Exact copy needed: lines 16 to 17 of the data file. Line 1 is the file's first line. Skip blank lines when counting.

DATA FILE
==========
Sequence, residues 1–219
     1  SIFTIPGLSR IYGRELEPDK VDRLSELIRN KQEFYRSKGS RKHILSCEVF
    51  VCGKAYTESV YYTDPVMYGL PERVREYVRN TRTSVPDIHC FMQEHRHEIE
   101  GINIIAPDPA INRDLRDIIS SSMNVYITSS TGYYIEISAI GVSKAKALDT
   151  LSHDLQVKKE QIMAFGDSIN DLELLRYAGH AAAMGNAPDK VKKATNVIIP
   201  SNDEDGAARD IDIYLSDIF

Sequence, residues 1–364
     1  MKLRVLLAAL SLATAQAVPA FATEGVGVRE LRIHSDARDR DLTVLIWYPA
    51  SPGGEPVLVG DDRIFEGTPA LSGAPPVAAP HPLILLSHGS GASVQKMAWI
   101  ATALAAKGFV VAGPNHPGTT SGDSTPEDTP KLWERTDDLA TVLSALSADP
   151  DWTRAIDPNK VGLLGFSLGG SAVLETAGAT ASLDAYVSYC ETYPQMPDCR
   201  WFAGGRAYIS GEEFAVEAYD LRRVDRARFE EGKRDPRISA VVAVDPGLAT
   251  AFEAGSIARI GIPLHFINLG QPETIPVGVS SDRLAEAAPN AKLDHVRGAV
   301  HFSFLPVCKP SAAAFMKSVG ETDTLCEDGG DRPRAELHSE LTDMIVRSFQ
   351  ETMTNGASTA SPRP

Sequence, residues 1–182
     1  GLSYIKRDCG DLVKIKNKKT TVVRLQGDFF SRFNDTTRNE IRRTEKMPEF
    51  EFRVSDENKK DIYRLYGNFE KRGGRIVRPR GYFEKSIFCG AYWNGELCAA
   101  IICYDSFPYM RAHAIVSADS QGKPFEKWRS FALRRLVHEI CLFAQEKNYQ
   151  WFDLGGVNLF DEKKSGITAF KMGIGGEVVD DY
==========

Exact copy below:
Sequence, residues 1–182
     1  GLSYIKRDCG DLVKIKNKKT TVVRLQGDFF SRFNDTTRNE IRRTEKMPEF